Friday 17 June 2016

3. Mrs. Fagan's Game Resumed

[This post by Martin Smith]

We are reconstructing the life and chess of Louisa Matilda Fagan (1850-1931). Not that we are the first to do so: Batgirl here, and Francesco Gibellato via here (but in Italian) have done their bit: although (I think it is safe to say) not in as much detail either chess-wise (to which this and the previous episode of this series are devoted), or biographically (which we will get on to next time).

Last episode we left Mrs Fagan at the end of 1897 (and now 47) as she crested the wave of her chess success, which she would surf for several years yet - though the detail becomes more sketchy. Her first tournament outing in 1898 was at Craigside in January - described by the BCM in the manner of a tourist brochure: "play took place in the Craigside Hydro, which is situated in a picturesque spot on the slopes of Little Orme's Head at Llandudno."
"A picturesque spot." We have passed this way before.  
Mrs Fagan's result in the Second Class Tournament was hardly a triumph: she finished 6th/9 with a score of 3.5, which included a loss to her Ladies CC colleague Miss Finn; and she fared no better in a separate handicap tournament where she received "Pawn and Two" against the top seeds - finishing on 50% and 6th/11 (BCM). By way of explanation for the disappointing performance the BCM added that "would probably have done better but for the indigestion during the final stages of the contest." Perhaps she had been under the weather all week.  

Mrs Fagan and Miss Finn returned to Craigside the following year, and were again unsuccessful in a field of ten (Belfast Newsletter 12 January) - though there are no reports of tummy trouble that year. Undaunted the duo was back yet again in 1901 with Mrs Fagan managing second place at her third attempt (6/8) and Miss Finn third (5/8) (Sheffield Daily Telegraph 7 January). But whatever their uneven results: overall "the annual tournament at Craigside affords a happy meeting place for a number of strong amateur players..." observed Gunsberg in a column in the Penny Illustrated Paper (26 January 1901), and accordingly the ladies might have found company, as well as tea and sympathy, in the salons of the Hydro.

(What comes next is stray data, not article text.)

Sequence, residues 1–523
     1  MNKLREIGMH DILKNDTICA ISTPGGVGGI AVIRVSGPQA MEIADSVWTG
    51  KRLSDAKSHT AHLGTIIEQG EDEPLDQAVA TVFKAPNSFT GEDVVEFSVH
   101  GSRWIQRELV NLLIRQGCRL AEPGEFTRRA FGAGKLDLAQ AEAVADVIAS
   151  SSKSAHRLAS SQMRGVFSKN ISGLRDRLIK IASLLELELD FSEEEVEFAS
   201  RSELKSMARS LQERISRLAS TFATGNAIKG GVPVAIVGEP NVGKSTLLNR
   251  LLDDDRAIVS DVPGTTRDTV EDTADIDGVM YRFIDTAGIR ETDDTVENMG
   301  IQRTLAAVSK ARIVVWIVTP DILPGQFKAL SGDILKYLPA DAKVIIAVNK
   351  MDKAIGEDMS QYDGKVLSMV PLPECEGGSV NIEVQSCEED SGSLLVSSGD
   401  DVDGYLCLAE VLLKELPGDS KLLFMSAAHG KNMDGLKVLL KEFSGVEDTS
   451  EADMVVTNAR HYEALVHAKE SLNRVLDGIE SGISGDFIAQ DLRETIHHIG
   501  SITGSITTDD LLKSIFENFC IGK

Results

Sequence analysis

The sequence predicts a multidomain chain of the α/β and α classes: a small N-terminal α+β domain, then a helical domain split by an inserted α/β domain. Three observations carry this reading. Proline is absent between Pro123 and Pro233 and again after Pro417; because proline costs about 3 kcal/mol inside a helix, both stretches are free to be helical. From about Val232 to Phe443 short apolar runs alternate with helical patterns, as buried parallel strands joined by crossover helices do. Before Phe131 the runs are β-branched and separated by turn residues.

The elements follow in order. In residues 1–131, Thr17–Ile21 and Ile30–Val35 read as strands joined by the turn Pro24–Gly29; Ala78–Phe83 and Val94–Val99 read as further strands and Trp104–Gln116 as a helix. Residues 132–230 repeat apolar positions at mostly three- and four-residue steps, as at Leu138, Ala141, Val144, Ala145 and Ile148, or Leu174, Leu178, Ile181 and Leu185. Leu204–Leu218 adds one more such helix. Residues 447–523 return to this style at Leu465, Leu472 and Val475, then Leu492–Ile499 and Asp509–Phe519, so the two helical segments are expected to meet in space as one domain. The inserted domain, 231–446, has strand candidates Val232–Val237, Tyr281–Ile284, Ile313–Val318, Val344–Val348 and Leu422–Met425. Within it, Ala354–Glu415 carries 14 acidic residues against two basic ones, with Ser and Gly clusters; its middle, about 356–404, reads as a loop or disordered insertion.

Mrs Fagan competed elsewhere, of course, and below we will continue to follow her tournament fortunes before coming back, lower down, to her other chess activities.   

So to Salisbury in mid 1898, to compete with the men in the Class II tournament, where she won with 9/11, playing "fine chess throughout" (BCM). She pocketed six Guineas prize money. Miss Finn was there also in the same event, as was Lady Thomas and her son George then only 17 and not yet Sir George, 7th Baronet, tennis and badminton ace and twice British Chess Champion (1923 and 34). He beat Mrs Fagan and, rather ungraciously, his mother.

With this success Mrs Fagan made a quite a splash on the other side of the pond where the American Chess Magazine put her on its first page, not missing the opportunity to showcase two ladies:

Sadly, Miss Prothero was to pass away the following year, when Womanhood (October 1899 - extracted by Batgirl) applauded her good works, her "rich contralto voice [and her] many beautiful compositions".

And this is what the American Chess Magazine said about Mrs Fagan:
"...quite the surprise of the tournament was the splendid performance of Mrs. Fagan, who by accurate and brilliant chess achieved the fine score of nine wins out of eleven games played. This lady's photo is enclosed. She is generally regarded as the strongest known lady player, and in the opinion of more than one chess master, who has witnessed her play, cannot be ranked other than on the border line dividing first and second class amateur form."       
Yes: "...generally regarded as the strongest known lady player..." - quite a billing that may explain the curious interest she attracted at a Midlands County Championship Tournament in Birmingham in April the following year, where she again played with her companion from the LCC, Miss Finn, in Class II.

BCM October 1904
Thus, the London Daily News (5 April) observed that: "very much interest is taken by the large company of local amateurs and others from the surrounding district in the play of the two ladies, and their fortunes are closely followed." It continued: "both are doing fairly well up to the present",  having just reported Mrs Fagan losing her games in the first two rounds.